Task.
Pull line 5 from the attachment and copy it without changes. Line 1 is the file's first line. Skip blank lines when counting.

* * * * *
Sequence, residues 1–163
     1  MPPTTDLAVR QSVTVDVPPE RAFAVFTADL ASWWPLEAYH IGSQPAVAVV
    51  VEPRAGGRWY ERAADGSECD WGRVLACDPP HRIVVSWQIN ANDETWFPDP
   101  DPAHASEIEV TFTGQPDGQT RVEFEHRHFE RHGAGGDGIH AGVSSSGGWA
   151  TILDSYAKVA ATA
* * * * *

   151  TILDSYAKVA ATA